The National Animal Health Laboratory Network (NAHLN) of USDA’s Animal and Plant Health Inspection Service added 66 new cases of porcine epidemic diarrhea virus (PEDV) to those reported during the week of Dec. 15, 2013, making last week's total of 185 the highest since beginning of the outbreak, reported the American Association of Swine Veterinarians  (AASV).

Interim analysis of a North Carolina biosecurity questionnaire identifies potential risk factors associated with exposure to PEDV. The data from USDA APHIS Centers for Epidemiology and Animal Health, are preliminary and will likely change as additional data is collected and analyzed. Below is a table outlining the percentage of case and control herds reporting potential risk factors. Additional preliminary results can be viewed on the University of Minnesota's Swine Health Monitoring Project website.

 

Factor

Percent of case farms with factor

Percent of control farms with factor

Borrowed trailers from another swine site in previous two weeks.

11%

0%

Removed cull sows/gilts/boars/pigs in previous two weeks.

82%

38%

Removed weaned pigs to nursery or wean to finish site in previous two weeks.

89%

42%

Producer/family worked off farm in an abattoir or other swine farm.

37%

17%

Producer/family worked off farm in another area of the swine industry (e.g., feedmill).

11%

0%

Dead haul/renderer visited site to pick up dead pigs in previous two weeks.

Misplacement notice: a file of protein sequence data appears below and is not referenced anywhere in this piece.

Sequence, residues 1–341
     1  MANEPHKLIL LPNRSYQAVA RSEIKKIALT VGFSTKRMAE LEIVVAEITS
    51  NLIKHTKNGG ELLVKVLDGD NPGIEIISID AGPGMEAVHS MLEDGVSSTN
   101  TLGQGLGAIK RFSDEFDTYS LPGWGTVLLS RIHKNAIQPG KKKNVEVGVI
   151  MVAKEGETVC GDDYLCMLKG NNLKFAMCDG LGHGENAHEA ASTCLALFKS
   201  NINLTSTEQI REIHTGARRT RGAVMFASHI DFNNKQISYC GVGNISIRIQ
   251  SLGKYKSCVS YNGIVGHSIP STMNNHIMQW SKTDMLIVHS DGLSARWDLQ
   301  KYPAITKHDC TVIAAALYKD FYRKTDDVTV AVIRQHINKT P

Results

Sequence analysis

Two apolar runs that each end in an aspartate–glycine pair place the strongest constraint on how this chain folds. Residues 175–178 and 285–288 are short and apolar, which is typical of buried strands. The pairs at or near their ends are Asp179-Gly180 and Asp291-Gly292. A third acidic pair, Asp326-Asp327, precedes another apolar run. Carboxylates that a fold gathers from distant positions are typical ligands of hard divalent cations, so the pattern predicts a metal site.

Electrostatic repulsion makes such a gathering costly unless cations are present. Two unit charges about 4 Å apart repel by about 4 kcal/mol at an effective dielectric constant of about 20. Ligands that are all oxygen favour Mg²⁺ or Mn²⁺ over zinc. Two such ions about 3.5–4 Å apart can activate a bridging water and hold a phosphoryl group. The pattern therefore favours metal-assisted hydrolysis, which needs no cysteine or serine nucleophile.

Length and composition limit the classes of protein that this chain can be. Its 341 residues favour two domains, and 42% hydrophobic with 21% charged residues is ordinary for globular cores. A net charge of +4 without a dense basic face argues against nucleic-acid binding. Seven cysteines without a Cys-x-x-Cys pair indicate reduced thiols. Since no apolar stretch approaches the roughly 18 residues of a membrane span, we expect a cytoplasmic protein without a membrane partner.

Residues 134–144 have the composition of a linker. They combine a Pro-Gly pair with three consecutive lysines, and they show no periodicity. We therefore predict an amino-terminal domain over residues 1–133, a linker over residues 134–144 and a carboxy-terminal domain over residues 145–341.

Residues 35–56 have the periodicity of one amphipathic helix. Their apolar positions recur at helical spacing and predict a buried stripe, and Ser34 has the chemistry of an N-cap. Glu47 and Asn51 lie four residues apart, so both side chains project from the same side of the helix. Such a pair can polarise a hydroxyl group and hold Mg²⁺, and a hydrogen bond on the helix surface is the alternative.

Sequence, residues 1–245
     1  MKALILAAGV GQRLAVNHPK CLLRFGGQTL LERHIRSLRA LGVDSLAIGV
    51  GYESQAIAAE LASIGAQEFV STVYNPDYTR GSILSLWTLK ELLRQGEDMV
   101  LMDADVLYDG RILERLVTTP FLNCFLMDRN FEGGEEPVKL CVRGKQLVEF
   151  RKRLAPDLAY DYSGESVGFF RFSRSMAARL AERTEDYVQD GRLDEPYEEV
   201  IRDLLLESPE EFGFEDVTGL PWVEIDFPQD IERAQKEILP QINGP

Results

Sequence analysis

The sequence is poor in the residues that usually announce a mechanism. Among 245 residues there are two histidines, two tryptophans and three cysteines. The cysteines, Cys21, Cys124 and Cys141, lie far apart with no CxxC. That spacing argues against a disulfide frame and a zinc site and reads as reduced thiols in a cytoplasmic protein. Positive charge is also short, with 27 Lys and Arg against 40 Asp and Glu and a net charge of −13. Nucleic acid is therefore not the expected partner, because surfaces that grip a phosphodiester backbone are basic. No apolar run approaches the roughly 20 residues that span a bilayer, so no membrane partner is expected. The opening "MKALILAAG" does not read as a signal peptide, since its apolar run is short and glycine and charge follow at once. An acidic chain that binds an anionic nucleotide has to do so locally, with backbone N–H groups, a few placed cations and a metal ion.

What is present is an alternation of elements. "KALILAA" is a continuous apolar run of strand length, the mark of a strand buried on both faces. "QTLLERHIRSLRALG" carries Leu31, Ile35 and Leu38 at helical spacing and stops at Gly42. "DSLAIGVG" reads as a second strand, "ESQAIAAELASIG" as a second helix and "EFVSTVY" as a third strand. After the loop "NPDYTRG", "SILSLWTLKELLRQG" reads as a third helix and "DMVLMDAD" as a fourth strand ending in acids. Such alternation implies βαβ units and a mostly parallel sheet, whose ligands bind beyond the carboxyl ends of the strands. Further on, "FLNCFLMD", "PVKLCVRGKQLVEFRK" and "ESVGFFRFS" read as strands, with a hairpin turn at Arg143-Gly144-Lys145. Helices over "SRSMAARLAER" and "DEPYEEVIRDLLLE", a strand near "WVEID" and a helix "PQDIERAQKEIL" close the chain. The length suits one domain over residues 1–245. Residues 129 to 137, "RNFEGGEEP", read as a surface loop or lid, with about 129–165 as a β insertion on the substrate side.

93%

57%

Wild birds were seen in pig/hog buildings in previous two weeks.

18%

4%

Other wildlife was seen in pig/hog buildings in previous two weeks (e.g., rats, mice, raccoons).

89%

59%

Had a moderate or severe problem with birds (e.g., buzzards) in previous two weeks

29%

13%

Delivered pigs to communal carcass drop-off spot in previous two weeks.

11%

38%

The PEDV Strategic Task Force has recommended that everyone consider the Good Neighbor Policy when possible with regards to placing PEDV-positive pigs. This includes trying to find a site that minimizes the risk of exposure to neighbors with susceptible pigs and communicating with your neighbors if it is necessary to place positive pigs in close proximity to other pigs.

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It should be noted that, even though clinical signs resolve fairly quickly, pigs may shed virus for 40-60 days post-infection, the AASV report noted. A model for this suggestion is the recommendations proposed by the Indiana Board of Animal Health regarding PRRS-positive pig placement. These recommendations have been posted on the AASV PRRS web page

The PEDV Strategic Task Force is also exploring the development of a “Rapid Response Team” that could investigate occurrences of emerging diseases such as PEDV. Angela Baysinger, DVM, Health Assurance veterinarian at PIC, has agreed to help facilitate an investigation into some recent outbreaks in Iowa as a “pilot project” for future response team action.

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